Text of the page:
Lone female Bangladeshi engineer says mental robustness and preparedness is key to success
Under the rallying motto of “always and everywhere”, 275 engineers from Bangladesh have received the United Nations medal for their year-long service to the people of South Sudan.
Standing at attention, they proudly saluted as they received their new stripes, recognizing their contribution to road and other construction work across the conflict-affected country.
“This is the result of my dedication, my sincerity,” said 38-year old Major Shahara Shafi – the only female medal recipient. “Day to day, I had to go to many different places, like Wau, Bor, Yambio and Bentiu, because there are so many repair and construction activities going on.”
Major Shahara is a career engineer in the Bangladeshi army, having served for 16 years. In South Sudan, she has liaised between colleagues working on the ground and the UNMISS Force Headquarters - supervising and coordinating building and maintenance activities on roads and other construction sites.
She says mental strength is vital to successfully carrying out her duties in the challenging environment of the world’s newest nation as well as within the male-dominated engineering and military fields.
“I am an army officer, but also an engineer,” said Major Shahara. “I don’t face any kind of problem, because I am mentally prepared to do this kind of job.”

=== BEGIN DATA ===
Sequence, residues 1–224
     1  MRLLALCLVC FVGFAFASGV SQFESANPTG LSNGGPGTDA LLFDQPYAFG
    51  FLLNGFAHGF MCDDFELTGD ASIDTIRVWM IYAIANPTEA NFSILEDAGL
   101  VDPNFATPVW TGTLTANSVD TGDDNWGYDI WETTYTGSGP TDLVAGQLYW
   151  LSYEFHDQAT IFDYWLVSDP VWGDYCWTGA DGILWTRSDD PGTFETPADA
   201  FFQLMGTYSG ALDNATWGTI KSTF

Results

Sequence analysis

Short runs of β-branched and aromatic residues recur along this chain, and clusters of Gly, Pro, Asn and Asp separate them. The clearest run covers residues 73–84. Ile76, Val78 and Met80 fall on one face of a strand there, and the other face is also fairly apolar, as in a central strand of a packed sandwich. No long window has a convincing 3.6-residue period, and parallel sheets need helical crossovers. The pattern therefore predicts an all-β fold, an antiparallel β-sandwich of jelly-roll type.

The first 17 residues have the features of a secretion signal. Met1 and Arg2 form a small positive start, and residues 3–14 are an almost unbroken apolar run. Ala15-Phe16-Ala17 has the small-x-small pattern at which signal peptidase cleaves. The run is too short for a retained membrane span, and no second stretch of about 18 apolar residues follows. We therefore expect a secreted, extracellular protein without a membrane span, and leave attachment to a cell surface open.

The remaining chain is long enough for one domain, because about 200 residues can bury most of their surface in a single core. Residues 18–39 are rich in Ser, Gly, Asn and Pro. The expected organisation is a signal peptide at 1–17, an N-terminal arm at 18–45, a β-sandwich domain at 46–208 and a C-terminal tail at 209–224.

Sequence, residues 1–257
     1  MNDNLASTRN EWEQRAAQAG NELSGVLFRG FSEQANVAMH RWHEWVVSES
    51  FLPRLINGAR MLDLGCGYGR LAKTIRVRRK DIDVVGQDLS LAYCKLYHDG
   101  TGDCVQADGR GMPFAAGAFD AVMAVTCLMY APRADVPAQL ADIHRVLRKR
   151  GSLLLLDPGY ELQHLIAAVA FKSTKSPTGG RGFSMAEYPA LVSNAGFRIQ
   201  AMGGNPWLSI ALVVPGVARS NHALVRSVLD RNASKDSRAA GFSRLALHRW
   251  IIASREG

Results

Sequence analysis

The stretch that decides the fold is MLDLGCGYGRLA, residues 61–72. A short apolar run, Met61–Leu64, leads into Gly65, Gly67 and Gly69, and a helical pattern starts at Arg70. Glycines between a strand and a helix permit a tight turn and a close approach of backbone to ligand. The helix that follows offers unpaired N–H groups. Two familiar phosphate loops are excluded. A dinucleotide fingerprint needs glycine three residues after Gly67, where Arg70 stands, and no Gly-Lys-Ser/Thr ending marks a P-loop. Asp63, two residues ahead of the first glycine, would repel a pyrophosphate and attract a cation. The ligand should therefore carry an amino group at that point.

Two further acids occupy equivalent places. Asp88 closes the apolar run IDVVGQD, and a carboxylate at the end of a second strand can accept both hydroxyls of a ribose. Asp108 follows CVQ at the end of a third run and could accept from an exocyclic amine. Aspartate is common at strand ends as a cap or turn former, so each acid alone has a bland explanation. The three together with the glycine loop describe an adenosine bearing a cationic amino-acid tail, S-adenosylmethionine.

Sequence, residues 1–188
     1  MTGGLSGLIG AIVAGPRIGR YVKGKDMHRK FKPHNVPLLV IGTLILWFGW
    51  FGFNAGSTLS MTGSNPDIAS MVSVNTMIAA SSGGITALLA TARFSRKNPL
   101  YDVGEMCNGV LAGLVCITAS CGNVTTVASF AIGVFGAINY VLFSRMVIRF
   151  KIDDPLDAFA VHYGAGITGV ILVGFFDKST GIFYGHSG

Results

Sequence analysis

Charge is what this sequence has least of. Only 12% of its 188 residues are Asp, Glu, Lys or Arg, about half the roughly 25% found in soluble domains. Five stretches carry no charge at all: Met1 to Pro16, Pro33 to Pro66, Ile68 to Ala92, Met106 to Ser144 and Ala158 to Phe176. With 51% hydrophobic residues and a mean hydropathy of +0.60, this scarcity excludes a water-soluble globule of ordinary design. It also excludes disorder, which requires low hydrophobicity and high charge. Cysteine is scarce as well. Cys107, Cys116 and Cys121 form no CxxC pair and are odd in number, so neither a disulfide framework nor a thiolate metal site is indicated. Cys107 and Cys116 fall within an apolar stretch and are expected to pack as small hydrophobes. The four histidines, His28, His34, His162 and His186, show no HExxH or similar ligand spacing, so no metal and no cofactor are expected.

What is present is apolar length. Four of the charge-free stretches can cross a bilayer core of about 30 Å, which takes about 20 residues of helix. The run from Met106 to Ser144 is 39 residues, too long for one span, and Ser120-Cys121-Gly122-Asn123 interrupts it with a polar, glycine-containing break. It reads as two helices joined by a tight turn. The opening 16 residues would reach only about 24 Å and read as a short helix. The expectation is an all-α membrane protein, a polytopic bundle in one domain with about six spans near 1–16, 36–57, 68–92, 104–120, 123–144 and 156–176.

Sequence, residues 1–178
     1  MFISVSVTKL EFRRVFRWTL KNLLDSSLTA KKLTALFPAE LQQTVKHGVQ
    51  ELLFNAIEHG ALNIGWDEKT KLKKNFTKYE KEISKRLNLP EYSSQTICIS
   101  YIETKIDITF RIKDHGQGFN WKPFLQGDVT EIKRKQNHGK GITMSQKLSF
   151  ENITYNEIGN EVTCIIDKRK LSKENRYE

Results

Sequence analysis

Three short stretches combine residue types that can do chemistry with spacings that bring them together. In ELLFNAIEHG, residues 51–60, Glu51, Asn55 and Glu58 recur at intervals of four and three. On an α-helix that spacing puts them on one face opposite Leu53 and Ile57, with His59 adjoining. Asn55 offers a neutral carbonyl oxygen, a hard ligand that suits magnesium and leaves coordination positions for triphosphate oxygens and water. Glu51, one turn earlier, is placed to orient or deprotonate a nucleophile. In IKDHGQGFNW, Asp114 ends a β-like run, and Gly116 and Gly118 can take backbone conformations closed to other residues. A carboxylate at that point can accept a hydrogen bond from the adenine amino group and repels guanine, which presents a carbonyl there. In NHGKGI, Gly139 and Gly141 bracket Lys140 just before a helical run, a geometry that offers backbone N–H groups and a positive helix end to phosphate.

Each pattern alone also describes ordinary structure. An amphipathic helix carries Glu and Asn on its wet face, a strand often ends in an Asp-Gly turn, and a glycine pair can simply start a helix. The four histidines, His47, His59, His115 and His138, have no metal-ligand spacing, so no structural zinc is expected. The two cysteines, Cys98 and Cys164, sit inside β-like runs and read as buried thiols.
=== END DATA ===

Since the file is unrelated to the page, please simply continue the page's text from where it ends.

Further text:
However, she acknowledges that being so far away from home has been a challenge.
“I am married. I have two children. They are very small, and they are with my parents. I had to balance with my job and my family. I have sacrificed. They have been deprived a little. I will try my best to make it up, when I go back,” she said with a touch of emotion in her voice.
Despite the sacrifices, her advice to other women considering tough career choices is to go for it.
“Be mentally robust, mentally prepared – nothing is impossible for the ladies.”
Major Shahara and her engineering colleagues will soon depart South Sudan to return to their families – but not without leaving an uplifting message for those they have served.
“I am in love with the citizens of South Sudan and I wish and pray for their tremendous success,” she said. “This country has a lot of hope and many natural beauties, many natural resources. The people – the citizens of South Sudan - have to utilize this properly, then it will be a very developed country.”
Peacekeepers from Bangladesh have served in UN operations across the world for 31 years. They first deployed to Juba in mid-2005 and the current contingent is the 18th to serve in South Sudan.
Their work has contributed to UNMISS’ efforts to repair more than 2500 kilometres of roads across the country over the past six months. Better roads have contributed to the creation of new jobs, increased trade and opportunities for local communities to connect, reconcile and build peace.
The contribution of the Bangladesh engineers was recognized by the UNMISS Acting Force Commander, Major General Bayarsaikhan Dashdondog at the medal ceremony.
“Your medals represent the personal sacrifice you have made as part of our collective endeavor in the ‘service of peace’ and our hope of achieving peace,” he said.